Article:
Is this the end of the ‘special relationship’?Anti-Indianism has fuelled Nepali politics for seven decades. It now needs to decide the future of bilateral ties.
Amish Raj Mulmi
At the very outset, I want to make it clear that like most of us, I am a beneficiary of the ‘special relationship’ between India and Nepal: I have studied and worked in India, my partner is Indian, and I continue to work with Indian authors and companies. Even then, as a former boss likes to tell me, those who don’t live on the border will probably never understand the true mechanisms of what the special relationship means on the ground. For, the India-Nepal border is a complex one, perhaps the most complex of borders in our part of the world. The open border is at the heart of this ‘special relationship’ continually invoked by India, and increasingly rejected by Nepal. And as much as the Twitterati berated the tone of the Hindustan Times editorial that suggested a reset of bilateral ties will have ‘clear costs’ for Nepal, the fact is, Nepali citizens will have to swallow a few bitter pills if bilateral ties between the two are to be revised, notwithstanding whatever implications it has for Indian citizens.
While Nepal has chafed at unequal ties and India’s regional hegemony in the past, the new Kalapani chill is an outcome of the 2015 blockade and Kathmandu straining at Indian micro-management of Nepali politics. You can see strains of anti-Madhes politics tying into anti-Indianism when a parliamentarian is insulted as a ‘bharatiya cheli’. Nepal’s resolve has been toughened because of closer ties with China and the possibilities of economic delinking with India. But while Beijing affords a shield, its limitations in resolving discordant India-Nepal issues was made clear during the Kalapani dispute. Successive Nepali governments have insisted the special relationship cannot exist on India’s terms—a fair enough observation—but Kathmandu has relied on street protests and bitter ripostes (while back-channel talks continue) to convince India to its point of view. Only this time, India has hardened its stance as well.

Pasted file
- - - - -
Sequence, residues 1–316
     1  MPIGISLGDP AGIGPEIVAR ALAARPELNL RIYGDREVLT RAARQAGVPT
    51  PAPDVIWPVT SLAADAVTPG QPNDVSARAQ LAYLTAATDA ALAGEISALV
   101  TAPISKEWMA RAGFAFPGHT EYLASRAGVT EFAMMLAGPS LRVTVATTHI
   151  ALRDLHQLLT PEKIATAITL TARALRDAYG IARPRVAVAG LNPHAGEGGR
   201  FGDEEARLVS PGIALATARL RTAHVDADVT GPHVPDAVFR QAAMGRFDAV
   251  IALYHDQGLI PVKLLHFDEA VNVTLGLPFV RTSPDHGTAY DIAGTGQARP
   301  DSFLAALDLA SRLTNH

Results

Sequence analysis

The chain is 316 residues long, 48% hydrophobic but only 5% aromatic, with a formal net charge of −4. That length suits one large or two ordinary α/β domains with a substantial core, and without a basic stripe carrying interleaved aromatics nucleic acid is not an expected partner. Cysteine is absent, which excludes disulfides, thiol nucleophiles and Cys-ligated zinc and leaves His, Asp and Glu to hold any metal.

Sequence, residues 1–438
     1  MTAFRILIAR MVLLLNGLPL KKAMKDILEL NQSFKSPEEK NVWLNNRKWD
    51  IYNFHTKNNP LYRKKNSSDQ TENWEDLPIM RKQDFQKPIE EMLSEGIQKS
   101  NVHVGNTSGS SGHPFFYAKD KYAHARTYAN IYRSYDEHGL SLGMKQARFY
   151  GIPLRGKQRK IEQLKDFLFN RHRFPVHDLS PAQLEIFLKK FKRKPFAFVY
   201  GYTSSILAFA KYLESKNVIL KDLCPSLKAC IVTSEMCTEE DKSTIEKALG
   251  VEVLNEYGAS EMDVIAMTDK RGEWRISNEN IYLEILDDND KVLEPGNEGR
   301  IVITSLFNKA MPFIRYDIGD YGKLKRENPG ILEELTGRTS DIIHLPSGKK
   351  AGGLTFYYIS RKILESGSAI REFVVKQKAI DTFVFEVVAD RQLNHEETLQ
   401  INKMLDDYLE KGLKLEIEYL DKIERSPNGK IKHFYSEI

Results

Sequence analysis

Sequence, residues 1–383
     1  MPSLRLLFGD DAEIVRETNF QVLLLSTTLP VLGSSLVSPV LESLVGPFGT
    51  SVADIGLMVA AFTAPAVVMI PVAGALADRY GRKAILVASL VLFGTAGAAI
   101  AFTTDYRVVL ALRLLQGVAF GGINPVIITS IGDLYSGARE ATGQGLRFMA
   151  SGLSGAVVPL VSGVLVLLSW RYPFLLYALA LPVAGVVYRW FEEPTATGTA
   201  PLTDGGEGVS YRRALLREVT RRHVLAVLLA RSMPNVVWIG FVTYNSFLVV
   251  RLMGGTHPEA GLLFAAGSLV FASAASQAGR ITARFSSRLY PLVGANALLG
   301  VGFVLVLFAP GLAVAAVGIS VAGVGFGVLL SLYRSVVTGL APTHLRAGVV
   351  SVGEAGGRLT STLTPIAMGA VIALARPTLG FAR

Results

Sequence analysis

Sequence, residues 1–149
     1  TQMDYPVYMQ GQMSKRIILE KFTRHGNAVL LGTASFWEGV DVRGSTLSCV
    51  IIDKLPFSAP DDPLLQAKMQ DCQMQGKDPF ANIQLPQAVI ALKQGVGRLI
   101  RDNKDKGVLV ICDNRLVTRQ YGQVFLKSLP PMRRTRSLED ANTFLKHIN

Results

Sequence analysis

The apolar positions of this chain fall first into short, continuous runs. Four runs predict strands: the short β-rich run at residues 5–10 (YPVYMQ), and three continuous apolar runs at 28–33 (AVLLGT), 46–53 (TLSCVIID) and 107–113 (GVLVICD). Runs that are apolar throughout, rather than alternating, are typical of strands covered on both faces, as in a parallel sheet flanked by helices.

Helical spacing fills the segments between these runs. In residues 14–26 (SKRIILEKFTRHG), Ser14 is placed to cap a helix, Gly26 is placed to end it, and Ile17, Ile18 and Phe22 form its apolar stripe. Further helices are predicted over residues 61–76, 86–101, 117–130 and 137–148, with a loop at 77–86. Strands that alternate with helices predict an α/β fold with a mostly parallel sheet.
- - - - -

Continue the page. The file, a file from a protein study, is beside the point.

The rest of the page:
The eternal paradox of the special relationship is that while it allows freedom of movement across both countries and other extraterritorial and economic benefits, it is also at the heart of Nepal’s anxiety vis-a-vis its sovereignty (one only needs to look at our citizenship laws to be convinced of this). The Kalapani dispute has, as difficult as it is to realise, shown Kathmandu’s limitations in convincing Delhi under Narendra Modi to come to the table, but the intransigence is also an example of what happens when foreign policy gets overtaken by politicians with partisan interests and harsh words from both sides. As our ambassador in Delhi has said, back-channel talks have continued with the Indian establishment unlike it has been made out in Kathmandu. Unfortunately, anti-Indianism is the flavour of the month, and the ambassador’s comments will disappear under the flurry of nationalist rhetoric.